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Obama rejects 'socialist' label, urges bigger private role in housing market

Olivier Knox

President Barack Obama, dismissing “folks who call me a socialist,” laid out a sweeping plan Tuesday for overhauling the nation’s housing policy by giving private capital a bigger role.

Obama, whose proposals face an uphill fight to passage in the divided Congress, said it was time to wind down the role Fannie Mae and Freddie Mac play in the mortgage market to limit the danger of another devastating bubble — and the risk that it could lead to massive government bailouts.

“Private capital should take a bigger role in the mortgage market. I know that sounds confusing to folks who call me a socialist,” the president said. “But I actually believe in the free market.” (His prepared remarks had invoked “folks who call me a raging socialist every day.”)

And “our housing system should operate where there’s a limited government role, and private lending should be the backbone of the housing market. And that includes, by the way, community-based lenders who view their borrowers not just as a number, but as a neighbor,” Obama said.

The president railed against massive government bailouts like those of Fannie and Freddie, which reaped vast profits in the housing boom — then got taxpayer rescue packages when the bubble burst in 2008.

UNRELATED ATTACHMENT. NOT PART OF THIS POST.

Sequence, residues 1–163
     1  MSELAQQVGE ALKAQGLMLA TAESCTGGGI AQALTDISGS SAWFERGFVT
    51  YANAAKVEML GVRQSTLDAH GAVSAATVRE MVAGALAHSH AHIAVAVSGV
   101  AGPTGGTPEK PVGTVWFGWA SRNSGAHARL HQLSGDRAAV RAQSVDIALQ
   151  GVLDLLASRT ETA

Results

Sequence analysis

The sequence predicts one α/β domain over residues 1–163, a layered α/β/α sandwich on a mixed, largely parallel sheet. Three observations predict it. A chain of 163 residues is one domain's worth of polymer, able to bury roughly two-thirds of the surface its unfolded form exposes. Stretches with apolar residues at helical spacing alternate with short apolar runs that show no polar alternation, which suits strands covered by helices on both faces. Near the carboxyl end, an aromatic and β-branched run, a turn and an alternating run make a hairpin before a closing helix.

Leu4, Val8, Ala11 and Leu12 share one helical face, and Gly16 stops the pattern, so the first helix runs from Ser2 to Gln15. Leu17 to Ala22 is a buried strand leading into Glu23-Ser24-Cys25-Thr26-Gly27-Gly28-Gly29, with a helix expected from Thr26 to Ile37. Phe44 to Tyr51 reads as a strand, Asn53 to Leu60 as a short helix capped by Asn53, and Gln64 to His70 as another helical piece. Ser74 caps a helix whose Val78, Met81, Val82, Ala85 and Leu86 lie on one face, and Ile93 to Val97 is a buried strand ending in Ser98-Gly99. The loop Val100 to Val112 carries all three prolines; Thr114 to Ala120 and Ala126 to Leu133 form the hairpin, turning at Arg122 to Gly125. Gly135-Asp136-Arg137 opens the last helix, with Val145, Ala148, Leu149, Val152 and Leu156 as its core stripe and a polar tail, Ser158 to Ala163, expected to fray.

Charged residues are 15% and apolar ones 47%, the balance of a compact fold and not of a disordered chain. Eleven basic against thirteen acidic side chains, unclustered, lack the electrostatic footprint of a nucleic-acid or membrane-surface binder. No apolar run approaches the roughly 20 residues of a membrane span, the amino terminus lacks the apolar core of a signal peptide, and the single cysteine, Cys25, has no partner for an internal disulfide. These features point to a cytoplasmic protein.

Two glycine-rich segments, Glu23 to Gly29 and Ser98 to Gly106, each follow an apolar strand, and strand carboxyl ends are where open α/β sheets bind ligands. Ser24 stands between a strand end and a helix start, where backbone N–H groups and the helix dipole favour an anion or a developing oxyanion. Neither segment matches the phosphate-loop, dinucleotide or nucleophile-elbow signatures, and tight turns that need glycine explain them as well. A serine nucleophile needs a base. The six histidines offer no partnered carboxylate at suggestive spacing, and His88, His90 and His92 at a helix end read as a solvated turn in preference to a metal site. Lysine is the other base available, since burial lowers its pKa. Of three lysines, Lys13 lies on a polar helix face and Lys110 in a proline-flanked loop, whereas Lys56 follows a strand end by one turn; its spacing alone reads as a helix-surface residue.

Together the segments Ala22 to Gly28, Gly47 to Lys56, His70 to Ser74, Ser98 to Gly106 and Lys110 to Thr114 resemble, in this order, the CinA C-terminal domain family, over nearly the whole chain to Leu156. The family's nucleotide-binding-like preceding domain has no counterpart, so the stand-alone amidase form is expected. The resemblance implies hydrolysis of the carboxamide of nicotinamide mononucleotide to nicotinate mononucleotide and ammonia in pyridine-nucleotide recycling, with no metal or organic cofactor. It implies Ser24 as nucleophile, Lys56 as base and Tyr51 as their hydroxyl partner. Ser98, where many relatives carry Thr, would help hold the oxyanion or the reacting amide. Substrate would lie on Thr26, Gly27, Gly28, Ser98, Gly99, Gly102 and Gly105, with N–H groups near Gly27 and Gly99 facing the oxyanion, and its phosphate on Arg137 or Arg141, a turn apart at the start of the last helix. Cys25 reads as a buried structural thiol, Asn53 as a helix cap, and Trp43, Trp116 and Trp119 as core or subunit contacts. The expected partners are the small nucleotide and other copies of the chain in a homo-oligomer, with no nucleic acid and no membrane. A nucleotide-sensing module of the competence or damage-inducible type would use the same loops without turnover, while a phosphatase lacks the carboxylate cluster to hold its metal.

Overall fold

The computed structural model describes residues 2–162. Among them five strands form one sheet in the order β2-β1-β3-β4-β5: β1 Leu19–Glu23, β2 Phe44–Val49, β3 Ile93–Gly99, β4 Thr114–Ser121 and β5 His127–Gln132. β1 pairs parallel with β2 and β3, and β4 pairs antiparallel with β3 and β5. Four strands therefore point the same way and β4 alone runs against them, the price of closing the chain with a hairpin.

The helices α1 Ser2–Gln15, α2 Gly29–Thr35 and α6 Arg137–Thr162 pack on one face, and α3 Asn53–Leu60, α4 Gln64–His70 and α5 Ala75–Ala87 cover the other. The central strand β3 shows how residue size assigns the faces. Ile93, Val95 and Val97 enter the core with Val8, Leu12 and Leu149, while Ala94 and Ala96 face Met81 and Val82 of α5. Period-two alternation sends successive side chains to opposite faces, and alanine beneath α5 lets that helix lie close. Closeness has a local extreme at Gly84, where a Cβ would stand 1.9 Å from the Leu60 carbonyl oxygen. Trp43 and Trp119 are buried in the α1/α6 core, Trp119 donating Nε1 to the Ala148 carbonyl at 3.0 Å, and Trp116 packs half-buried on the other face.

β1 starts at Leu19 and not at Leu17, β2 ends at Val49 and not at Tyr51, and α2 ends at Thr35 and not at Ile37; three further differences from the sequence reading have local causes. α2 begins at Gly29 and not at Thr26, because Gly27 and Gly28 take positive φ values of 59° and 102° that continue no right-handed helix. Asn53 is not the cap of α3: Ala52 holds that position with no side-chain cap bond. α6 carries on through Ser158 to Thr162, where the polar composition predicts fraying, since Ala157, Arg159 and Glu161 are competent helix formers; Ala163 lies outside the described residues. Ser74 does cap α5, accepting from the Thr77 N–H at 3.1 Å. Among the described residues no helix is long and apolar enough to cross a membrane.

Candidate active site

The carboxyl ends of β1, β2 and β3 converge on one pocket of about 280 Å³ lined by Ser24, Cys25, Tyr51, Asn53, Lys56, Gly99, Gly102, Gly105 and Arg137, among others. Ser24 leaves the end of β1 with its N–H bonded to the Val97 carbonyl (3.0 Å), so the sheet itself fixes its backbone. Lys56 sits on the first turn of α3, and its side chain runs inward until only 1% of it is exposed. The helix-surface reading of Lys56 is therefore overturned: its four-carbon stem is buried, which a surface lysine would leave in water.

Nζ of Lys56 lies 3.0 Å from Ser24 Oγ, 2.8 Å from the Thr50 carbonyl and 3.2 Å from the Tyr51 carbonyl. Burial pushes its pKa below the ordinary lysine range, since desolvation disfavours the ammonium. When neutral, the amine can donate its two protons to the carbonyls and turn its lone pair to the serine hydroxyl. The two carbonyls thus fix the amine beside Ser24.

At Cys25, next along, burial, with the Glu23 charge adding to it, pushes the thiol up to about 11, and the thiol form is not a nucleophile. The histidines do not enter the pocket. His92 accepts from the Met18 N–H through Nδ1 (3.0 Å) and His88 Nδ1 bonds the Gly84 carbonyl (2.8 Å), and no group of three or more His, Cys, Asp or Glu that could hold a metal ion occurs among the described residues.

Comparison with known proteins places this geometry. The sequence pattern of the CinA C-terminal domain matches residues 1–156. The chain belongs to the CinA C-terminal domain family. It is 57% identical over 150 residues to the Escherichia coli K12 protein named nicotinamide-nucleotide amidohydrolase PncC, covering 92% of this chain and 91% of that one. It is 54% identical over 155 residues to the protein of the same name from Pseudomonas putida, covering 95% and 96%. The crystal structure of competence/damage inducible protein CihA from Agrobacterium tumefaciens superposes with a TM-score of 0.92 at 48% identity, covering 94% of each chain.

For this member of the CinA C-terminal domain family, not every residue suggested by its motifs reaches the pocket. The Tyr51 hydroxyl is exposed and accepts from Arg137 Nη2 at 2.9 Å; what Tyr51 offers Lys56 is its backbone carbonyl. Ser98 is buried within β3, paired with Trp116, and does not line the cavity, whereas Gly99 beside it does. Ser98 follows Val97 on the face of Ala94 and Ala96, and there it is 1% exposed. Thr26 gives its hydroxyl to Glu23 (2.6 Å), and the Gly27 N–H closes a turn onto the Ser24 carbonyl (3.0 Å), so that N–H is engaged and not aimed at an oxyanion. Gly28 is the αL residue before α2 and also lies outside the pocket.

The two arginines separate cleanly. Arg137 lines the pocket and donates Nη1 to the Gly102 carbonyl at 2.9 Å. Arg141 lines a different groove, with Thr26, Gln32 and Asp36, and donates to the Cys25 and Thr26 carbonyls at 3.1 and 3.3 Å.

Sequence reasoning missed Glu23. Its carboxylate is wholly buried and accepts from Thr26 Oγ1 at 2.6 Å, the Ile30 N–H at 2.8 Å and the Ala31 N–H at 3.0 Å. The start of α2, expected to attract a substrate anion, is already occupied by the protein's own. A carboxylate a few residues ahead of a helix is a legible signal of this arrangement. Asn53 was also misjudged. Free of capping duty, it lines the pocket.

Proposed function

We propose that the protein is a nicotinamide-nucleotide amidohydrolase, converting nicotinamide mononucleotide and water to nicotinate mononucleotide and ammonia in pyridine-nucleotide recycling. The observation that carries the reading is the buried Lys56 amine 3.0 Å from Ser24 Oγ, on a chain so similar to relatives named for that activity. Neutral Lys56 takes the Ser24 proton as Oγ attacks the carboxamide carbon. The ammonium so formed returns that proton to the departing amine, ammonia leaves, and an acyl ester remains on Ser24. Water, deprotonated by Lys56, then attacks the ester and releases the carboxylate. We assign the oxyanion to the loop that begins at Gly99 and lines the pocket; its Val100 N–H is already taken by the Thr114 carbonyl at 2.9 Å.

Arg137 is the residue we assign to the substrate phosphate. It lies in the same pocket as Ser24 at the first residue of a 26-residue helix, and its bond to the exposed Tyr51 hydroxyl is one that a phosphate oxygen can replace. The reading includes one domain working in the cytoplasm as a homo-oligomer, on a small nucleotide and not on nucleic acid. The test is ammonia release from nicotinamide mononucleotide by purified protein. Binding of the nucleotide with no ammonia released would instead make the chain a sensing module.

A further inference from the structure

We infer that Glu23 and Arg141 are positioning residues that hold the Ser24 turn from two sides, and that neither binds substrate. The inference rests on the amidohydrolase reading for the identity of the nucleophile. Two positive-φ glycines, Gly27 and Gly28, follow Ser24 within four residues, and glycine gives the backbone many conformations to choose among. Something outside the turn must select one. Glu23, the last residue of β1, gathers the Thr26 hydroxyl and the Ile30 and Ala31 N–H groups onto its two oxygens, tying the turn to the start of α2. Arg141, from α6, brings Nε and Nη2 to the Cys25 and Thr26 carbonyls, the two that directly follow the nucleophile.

“We can’t leave taxpayers on the hook for irresponsibility or bad decisions by some of these lenders or Fannie Mae or Freddie Mac,” he said. “We’ve got to encourage the pursuit of profit — but the era of expecting a bailout after you pursue your profit and you don’t manage your risk well, well that puts the whole country at risk. And we’re ending those days. We’re not going to do that anymore.”

As he started his remarks, someone in the crowd at Desert Vista High School shouted out “happy birthday, Mr. President!” and the audience sang “Happy Birthday” to him. Obama, whose birthday was Aug. 4, noted that he was now 52, but “Michelle says I don’t look a day over 51.”

The school is in Phoenix, Ariz., which was particularly hard hit when the housing bubble burst. Obama noted that "the storm hit harder here" as the crisis ripped through the nation's economy. In recent weeks, the White House has cautiously welcomed news that the housing sector is on the mend. There have been hopeful signs in Arizona, though there's a long road ahead.

On Wednesday, Obama is to take part in a roundtable with Zillow CEO Spencer Rascoff, with questions coming from across social media. To ask questions for the roundtable, which will stream live on Yahoo, visit our Homes section here.